Apple Shooting for the Stars: x86 Incumbents Beware

The previous pages were written ahead of Apple officially announcing the new M1 chip. We already saw the A14 performing outstandingly and outperforming the best that Intel has to offer. The new M1 should perform notably above that.

We come back to a few of Apple’s slides during the presentations as to what to expect in terms of performance and efficiency. Particularly the performance/power curves are the most detail that Apple is sharing at this moment in time:

In this graphic, Apple showcases the new M1 chip featuring a CPU power consumption peak of around 18W. The competing PC laptop chip here is peaking at the 35-40W range so certainly these are not single-threaded performance figures, but rather whole-chip multi-threaded performance. We don’t know if this is comparing M1 to an AMD Renoir chip or an Intel ICL or TGL chip, but in both cases the same general verdict applies:

Apple’s usage of a significantly more advanced microarchitecture that offers significant IPC, enabling high performance at low core clocks, allows for significant power efficiency gains versus the incumbent x86 players. The graphic shows that at peak-to-peak, M1 offers around a 40% performance uplift compared to the existing competitive offering, all whilst doing it at 40% of the power consumption.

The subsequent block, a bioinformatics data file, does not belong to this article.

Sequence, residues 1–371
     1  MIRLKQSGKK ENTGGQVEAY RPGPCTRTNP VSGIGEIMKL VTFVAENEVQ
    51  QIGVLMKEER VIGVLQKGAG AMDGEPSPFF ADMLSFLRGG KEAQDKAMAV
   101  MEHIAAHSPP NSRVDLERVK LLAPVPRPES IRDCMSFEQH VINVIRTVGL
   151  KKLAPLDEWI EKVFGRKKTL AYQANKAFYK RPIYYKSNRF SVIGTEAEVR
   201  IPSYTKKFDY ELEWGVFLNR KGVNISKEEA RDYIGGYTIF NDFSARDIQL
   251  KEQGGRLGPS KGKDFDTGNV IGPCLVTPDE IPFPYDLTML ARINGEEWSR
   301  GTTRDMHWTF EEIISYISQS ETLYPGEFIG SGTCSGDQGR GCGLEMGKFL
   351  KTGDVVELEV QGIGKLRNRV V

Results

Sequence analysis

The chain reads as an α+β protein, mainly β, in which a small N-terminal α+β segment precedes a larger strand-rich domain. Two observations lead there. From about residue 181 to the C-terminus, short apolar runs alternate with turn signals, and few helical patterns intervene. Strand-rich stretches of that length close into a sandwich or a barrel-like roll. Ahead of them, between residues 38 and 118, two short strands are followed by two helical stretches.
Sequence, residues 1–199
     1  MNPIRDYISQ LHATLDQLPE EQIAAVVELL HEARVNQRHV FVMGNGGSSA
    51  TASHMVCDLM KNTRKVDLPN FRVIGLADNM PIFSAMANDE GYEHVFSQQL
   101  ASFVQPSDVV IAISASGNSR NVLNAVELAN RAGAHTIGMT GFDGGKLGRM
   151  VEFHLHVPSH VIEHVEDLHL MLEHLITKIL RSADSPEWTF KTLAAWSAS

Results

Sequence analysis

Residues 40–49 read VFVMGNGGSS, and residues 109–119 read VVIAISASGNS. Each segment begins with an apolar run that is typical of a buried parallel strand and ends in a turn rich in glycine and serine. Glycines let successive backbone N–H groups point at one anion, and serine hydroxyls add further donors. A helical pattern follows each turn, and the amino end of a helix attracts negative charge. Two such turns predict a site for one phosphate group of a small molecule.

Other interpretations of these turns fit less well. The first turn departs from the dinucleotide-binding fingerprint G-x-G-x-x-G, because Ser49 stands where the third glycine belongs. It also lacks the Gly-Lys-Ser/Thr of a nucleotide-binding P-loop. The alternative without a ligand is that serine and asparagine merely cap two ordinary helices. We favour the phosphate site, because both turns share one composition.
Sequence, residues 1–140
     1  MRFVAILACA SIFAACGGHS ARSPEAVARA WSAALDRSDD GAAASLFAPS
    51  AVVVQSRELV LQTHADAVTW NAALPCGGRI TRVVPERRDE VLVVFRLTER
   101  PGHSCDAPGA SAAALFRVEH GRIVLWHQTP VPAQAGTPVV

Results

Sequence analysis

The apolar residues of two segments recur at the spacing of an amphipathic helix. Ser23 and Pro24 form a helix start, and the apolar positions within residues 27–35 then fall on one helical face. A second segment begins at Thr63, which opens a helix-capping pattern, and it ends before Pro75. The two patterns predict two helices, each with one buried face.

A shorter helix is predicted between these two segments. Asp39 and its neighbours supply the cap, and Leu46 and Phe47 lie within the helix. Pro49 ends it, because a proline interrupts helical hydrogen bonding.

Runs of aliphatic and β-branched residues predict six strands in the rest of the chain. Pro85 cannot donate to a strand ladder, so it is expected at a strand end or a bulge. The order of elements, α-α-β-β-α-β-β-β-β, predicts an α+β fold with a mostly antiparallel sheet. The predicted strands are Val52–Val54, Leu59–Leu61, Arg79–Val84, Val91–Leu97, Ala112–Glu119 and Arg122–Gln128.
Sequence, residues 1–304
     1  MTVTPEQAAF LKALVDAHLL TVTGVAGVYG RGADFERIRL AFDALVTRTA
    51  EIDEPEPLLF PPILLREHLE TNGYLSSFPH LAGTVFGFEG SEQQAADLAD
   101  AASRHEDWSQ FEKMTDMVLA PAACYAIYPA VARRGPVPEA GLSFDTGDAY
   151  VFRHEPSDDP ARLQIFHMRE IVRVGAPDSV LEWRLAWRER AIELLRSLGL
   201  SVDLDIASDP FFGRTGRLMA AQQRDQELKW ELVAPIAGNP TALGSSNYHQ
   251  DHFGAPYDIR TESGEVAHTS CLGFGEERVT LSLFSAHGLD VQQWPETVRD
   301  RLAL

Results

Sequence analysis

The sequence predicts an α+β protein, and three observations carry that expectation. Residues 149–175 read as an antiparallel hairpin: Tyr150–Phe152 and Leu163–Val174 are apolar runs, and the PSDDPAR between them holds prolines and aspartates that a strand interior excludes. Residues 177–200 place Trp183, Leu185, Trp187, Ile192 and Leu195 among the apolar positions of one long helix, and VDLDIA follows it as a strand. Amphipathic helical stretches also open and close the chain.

Apple’s comparison of random performance points is to be criticised, however the 10W measurement point where Apple claims 2.5x the performance does make some sense, as this is the nominal TDP of the chips used in the Intel-based MacBook Air. Again, it’s thanks to the power efficiency characteristics that Apple has been able to achieve in the mobile space that the M1 is promised to showcase such large gains – it certainly matches our A14 data.

Don't forget about the GPU

Today we mostly covered the CPU side of things as that’s where the unprecedented industry shift is happening. However, we shouldn’t forget about the GPU, as the new M1 represents Apple’s first-time introduction of their custom designs into the Mac space.

Apple’s performance and power efficiency claims here are really lacking context as we have no idea what their comparison point is. I won’t try to theorise here as there’s just too many variables at play, and we don’t know enough details.

What we do know is that in the mobile space, Apple is absolutely leading the pack in terms of performance and power efficiency. The last time we tested the A12Z the design was more than able to compete and beat integrated graphics designs. But since then we’ve seen more significant jumps from both AMD and Intel.

Performance Leadership?

Apple claims the M1 to be the fastest CPU in the world. Given our data on the A14, beating all of Intel’s designs, and just falling short of AMD’s newest Zen3 chips – a higher clocked Firestorm above 3GHz, the 50% larger L2 cache, and an unleashed TDP, we can certainly believe Apple and the M1 to be able to achieve that claim.

This moment has been brewing for years now, and the new Apple Silicon is both shocking, but also very much expected. In the coming weeks we’ll be trying to get our hands on the new hardware and verify Apple’s claims.